"Dad, those were the worst two hours of my life"

Thus announced my nine-year-old son as I took him to the restroom two hours into our family’s viewing of Les Misérables, the brilliant, new film from director Tom Hooper.

His thirteen-year-old brother agreed with him: “Definitely the worst movie I have ever seen.”

Apparently, art is wasted on the young. At least, it is wasted on my boys, who still care far more about baseball than they do the power of love to do good in the world – the movie’s theme, at least as I deduce it.

Fortunately, my wife was as enthralled as I with the movie, and just as moved to tears at several points throughout the epic. As I watched, and cried, I was so thankful that the world gives us people with the talent, creativity, and ambition to produce a work of art such as Les Mis. I wished I were a tenth as talented as the actors I saw on the screen or the director, writers, producers, and others who gave me the joy of seeing their work.

I was relieved that though my children hated the film, something about it – or perhaps my reaction to it – made them wonder. “Dad?” asked the youngest on the drive home. “What would you say was the moral of the movie?”

This gave their mother and me a chance to review the plot with them and then to discuss the theme – not just the power of love, but also of mercy, as she correctly noted.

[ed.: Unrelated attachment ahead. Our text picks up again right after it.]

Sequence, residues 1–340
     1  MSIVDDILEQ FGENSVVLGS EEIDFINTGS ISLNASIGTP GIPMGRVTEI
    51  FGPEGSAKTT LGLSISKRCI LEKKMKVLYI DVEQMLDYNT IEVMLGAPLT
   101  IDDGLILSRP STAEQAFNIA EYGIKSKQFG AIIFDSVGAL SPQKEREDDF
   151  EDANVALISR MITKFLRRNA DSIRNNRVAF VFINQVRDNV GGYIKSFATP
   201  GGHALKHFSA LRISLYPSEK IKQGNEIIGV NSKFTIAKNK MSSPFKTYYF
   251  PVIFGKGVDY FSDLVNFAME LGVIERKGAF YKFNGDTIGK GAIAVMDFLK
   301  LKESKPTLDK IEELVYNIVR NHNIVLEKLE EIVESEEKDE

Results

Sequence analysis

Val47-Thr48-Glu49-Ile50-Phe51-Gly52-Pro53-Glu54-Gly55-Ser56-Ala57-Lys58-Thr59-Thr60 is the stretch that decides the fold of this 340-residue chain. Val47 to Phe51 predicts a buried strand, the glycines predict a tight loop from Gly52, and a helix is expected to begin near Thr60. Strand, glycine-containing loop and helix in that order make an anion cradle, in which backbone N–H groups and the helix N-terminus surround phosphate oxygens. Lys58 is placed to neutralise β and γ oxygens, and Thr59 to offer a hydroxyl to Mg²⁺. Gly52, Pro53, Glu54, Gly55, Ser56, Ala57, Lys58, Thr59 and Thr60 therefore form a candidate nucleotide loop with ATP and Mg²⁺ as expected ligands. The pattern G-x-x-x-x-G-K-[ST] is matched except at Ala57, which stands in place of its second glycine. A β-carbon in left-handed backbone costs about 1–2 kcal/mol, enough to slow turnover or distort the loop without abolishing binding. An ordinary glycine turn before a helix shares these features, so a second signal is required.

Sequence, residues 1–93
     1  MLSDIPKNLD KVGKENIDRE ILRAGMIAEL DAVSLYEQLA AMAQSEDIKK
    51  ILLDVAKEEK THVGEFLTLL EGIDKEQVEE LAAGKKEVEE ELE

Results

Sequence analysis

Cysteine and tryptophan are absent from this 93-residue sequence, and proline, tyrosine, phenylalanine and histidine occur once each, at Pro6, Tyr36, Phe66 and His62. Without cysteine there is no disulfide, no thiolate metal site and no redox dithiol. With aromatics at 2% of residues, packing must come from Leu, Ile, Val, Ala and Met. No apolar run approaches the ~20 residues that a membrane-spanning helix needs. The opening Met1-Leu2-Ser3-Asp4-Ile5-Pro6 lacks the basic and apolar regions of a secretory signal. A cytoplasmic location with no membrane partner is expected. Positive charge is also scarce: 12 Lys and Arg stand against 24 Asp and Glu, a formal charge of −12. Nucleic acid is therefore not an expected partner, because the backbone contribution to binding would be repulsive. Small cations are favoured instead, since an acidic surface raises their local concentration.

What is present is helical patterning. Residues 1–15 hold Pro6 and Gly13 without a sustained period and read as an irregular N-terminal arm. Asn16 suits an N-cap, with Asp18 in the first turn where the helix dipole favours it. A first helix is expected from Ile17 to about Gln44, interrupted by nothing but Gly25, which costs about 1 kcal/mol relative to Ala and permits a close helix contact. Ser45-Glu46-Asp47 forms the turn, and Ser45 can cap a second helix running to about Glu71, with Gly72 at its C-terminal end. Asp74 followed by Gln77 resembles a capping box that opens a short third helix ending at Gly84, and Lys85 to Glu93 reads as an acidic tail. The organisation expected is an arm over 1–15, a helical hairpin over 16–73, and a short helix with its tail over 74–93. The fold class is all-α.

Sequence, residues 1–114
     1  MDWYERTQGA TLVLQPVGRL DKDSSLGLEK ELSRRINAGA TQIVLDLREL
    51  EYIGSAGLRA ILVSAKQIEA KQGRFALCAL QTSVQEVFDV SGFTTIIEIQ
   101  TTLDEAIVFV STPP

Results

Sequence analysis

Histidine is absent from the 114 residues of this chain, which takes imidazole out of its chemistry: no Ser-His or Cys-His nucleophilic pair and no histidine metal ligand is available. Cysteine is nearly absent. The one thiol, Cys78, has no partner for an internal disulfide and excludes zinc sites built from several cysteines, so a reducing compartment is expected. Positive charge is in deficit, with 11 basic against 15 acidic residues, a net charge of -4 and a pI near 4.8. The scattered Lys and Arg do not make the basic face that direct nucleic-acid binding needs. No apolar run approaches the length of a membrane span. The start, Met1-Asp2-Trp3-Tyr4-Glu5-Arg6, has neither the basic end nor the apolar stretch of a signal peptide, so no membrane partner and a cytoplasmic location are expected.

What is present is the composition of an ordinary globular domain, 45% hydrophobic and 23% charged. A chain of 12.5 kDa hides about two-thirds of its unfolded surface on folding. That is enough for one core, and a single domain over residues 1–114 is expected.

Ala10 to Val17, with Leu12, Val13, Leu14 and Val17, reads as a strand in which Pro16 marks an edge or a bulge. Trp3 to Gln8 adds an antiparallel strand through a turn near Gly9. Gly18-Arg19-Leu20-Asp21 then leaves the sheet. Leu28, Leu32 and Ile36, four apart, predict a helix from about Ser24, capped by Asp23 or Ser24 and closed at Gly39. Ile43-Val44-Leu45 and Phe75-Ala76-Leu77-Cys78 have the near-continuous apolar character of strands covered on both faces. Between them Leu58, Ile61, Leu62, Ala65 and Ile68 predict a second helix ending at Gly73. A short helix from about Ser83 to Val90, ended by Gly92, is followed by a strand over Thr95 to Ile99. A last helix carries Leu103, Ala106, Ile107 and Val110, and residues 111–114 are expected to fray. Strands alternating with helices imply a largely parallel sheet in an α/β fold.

I marveled at the ability of the actors to perform as movingly as they did while singing the dialogue. This would be hard enough on stage, but on film projected on a massive screen, with every centimeter of their faces magnified many times over? Phenomenal. Anne Hathaway’s performance as Fantine was breathtaking throughout, but her rendition of “I Dreamed a Dream” is probably the best performance in a film I’ve seen.

It is impossible to see the movie without relating the plight of its peasants, prisoners, and revolutionaries to our present day United States, where a politically-powerful, sociopathic aristocracy, aided by well-meaning dupes in uniforms, dominates and increasingly impoverishes the great mass of the people; and, where the great mass of the people cannot be moved to resist their own enslavement, and thus leave the few with the courage to stand up against tyranny to fight on their own.

Who can see this film and not see in the Occupy Wall Street movement at least a nascent version of the “children of the barricades?” Will we, too, abandon our own children to the overwhelming power of an illegitimate state?

That, I suppose, remains to be seen, but the signs thus far are less than encouraging.

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